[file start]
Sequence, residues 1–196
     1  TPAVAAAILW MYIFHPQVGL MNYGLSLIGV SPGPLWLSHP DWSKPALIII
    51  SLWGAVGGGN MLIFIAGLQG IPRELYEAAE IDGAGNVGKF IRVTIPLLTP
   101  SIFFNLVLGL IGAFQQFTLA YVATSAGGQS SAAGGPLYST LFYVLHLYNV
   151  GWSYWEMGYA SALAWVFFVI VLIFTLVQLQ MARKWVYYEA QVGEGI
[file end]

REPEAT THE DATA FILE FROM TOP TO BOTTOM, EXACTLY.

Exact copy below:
Sequence, residues 1–196
     1  TPAVAAAILW MYIFHPQVGL MNYGLSLIGV SPGPLWLSHP DWSKPALIII
    51  SLWGAVGGGN MLIFIAGLQG IPRELYEAAE IDGAGNVGKF IRVTIPLLTP
   101  SIFFNLVLGL IGAFQQFTLA YVATSAGGQS SAAGGPLYST LFYVLHLYNV
   151  GWSYWEMGYA SALAWVFFVI VLIFTLVQLQ MARKWVYYEA QVGEGI